Do not use a preventer inhaler for immediate relief because it takes at least 7-14 days to show improvements. After that time period, symptoms often dissipate or decrease. The main steroid medications present in preventer inhalers are:

  • beclomethasone
  • budesonide
  • ciclesonide
  • fluticasone
  • mometasone

 

  1. Long acting bronchodilator inhalers

This type is quite similar to reliever inhalers as they also contain bronchodilators, however these are effective for longer -- up to 12 hours per dose. In the case that a preventer inhaler does not fully control a patient’s symptoms, they are supplemented with a steroid inhaler. These two put together are known as a combination inhaler.

Medication in long-acting bronchodilator inhalers include:

  • salmeterol
  • formoterol

 

  1. Combination inhaler

Some inhalers contain both a steroid and long-acting bronchodilator for people with extra need

Inhaler devices

Inhaler devices are mainly of four types which suit different people and different cases:

  1.  Pressurized metered dose inhalers (MDIs)

This is the most widely used inhaler. It contains an inactive pressurized gas that releases a dose of medicine in every puff by pressing the top of the inhaler. It is quick to use and convenient to carry around. Some common errors to avoid while using the inhaler include:

  • Not shaking the inhaler each time.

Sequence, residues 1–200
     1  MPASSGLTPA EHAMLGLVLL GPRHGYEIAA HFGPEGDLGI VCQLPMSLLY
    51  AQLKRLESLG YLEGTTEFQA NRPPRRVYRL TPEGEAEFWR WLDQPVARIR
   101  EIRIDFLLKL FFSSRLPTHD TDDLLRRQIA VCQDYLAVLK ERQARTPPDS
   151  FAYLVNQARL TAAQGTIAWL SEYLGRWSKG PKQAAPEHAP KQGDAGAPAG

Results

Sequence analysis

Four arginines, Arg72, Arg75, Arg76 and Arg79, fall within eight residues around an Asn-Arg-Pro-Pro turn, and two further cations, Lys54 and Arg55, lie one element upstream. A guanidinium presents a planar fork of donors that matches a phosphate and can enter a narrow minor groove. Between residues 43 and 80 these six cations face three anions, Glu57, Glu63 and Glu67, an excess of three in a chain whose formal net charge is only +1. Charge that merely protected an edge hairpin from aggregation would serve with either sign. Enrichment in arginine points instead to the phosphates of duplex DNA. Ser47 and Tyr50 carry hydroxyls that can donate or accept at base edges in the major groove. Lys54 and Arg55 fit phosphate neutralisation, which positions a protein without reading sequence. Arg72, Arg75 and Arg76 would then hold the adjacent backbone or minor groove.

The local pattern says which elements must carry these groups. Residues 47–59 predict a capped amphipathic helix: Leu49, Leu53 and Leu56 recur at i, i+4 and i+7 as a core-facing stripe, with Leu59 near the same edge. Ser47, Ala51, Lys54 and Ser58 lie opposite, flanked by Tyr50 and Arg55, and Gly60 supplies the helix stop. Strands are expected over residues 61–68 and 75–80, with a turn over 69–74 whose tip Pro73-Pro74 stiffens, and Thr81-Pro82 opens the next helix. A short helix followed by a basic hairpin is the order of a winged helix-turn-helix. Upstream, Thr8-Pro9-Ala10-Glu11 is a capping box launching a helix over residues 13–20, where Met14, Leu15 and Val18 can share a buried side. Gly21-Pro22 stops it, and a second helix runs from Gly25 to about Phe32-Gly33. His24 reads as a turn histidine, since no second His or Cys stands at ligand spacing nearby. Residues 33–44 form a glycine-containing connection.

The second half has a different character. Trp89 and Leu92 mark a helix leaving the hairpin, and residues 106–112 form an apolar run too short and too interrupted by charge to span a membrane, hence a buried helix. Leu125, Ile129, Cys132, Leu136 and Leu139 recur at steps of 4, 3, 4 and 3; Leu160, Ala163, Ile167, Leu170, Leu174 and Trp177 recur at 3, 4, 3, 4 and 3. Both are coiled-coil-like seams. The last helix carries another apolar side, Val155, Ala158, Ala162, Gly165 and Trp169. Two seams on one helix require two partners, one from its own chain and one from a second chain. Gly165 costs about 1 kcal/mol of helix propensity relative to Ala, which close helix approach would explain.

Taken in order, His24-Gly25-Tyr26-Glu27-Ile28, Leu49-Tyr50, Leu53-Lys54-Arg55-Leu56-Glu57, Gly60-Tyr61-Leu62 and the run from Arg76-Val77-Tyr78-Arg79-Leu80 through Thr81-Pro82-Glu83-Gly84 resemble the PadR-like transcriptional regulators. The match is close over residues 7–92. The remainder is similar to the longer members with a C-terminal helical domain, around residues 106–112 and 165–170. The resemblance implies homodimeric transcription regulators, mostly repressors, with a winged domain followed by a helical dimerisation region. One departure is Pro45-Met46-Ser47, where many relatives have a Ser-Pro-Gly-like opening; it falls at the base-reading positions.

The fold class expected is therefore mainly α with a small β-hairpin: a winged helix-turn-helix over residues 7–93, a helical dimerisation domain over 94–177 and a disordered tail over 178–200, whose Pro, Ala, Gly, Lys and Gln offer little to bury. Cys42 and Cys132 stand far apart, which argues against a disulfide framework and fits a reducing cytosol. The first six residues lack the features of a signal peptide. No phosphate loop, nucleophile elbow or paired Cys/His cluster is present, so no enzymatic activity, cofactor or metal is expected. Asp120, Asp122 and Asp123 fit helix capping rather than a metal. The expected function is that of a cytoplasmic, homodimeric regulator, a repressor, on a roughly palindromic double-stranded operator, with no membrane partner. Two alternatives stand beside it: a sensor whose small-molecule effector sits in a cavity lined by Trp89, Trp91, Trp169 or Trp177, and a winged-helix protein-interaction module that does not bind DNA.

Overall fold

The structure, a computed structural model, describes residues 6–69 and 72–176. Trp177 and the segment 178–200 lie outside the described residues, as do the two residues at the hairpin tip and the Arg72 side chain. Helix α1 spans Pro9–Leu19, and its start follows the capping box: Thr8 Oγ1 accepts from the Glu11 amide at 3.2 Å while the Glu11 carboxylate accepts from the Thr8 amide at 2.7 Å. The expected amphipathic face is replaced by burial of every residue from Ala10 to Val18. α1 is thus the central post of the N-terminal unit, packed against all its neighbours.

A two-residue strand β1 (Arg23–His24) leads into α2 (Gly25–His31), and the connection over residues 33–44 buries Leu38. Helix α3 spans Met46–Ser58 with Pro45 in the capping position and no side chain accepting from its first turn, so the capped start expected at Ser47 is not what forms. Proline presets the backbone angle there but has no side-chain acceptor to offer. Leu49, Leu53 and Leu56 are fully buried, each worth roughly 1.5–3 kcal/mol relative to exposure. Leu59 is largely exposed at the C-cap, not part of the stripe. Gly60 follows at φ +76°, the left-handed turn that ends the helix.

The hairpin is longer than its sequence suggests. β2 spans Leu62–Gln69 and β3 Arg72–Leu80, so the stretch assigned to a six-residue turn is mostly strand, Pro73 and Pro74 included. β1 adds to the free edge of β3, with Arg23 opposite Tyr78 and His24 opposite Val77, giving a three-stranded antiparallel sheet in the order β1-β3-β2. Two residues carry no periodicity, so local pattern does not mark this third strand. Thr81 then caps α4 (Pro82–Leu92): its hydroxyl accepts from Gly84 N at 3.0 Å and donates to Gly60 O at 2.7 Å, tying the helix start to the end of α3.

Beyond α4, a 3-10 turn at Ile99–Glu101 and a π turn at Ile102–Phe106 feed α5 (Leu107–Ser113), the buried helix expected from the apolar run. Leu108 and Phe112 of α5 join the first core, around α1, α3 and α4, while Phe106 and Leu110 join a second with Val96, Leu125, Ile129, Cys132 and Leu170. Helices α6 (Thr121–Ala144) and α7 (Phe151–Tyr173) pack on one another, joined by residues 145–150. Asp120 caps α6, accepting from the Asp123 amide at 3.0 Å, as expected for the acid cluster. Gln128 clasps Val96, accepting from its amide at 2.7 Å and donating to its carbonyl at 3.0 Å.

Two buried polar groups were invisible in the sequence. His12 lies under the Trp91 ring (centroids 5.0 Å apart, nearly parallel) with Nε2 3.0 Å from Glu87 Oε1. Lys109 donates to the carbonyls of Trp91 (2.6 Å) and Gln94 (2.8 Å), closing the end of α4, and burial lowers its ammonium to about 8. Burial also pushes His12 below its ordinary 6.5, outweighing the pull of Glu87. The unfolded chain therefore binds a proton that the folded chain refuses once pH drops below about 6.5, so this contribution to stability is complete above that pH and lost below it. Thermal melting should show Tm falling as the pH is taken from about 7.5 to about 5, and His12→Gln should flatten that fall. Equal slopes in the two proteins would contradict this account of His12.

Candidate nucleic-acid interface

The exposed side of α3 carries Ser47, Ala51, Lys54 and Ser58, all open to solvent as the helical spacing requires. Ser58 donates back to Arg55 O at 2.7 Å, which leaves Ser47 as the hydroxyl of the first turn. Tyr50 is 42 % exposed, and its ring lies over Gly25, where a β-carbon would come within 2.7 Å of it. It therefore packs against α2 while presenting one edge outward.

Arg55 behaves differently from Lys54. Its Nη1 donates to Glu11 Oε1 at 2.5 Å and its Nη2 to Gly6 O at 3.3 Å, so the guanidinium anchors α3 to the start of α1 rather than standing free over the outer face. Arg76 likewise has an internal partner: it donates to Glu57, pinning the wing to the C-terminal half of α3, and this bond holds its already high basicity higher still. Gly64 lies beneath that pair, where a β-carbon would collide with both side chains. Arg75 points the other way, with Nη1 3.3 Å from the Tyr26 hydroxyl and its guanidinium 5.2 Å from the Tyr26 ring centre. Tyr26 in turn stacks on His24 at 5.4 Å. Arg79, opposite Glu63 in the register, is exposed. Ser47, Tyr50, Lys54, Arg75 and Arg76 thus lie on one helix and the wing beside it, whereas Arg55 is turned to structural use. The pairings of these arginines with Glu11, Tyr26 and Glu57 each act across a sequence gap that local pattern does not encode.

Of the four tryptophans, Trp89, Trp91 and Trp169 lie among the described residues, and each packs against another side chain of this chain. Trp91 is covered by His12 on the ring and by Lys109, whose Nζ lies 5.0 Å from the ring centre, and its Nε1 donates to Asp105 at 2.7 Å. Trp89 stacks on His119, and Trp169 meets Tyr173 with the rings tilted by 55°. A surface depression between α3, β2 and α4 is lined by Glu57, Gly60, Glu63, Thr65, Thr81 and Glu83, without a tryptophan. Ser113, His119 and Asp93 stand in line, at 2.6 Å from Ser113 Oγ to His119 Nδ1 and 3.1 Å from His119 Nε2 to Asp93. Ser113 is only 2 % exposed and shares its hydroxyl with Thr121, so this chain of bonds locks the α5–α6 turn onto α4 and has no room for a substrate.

• Inhaling very sharply.
  • Inhaling at the wrong time.
  • Not holding your breath for enough time after inhaling in content.

 

  1. Breath activated inhalers- MDIs  and dry powder inhalers

This is an auto inhaler, meaning you don’t have to press a canister each time. Some breath-activated inhalers are still MDI, while others are dry powder ones. In dry powder inhalers, breathing at the mouthpiece triggers the dose. These do not contain inactive pressurized gas to propel medicine, so there is no need to breathe hard enough for the powder to be able to reach your lungs.

 

  1. Inhalers with spacer devices

These can be used along with MDIs. They are known as spacer inhalers because they have a space between the inhaler and the mouthpiece that holds a medicine reservoir when you press the inhaler. It also has a valve that opens when you breathe in and keeps the medicine in a spacer, and then closes when you breathe out. Listen below are some precautionary measures to be followed when using this device:

  • Do one puff at a time if your device is multi-dose
  • Shake the inhaler before each puff
  • Start breathing immediately after each puff
  • Breathe in and out 3-4 times after every puff.
  • Make sure that the valve opens and closes with each breath

 

Before we conclude, one thing to always keep in mind is to only use inhalers and any other medical device or medication of any kind, after consultation with a doctor.

Verdict

We hope you are now better informed regarding the types of inhalers out there and which one is most suitable for you and your condition.

If you are interested in purchasing an inhaler now or later, please visit the link below:

https://bit.ly/3HI6exX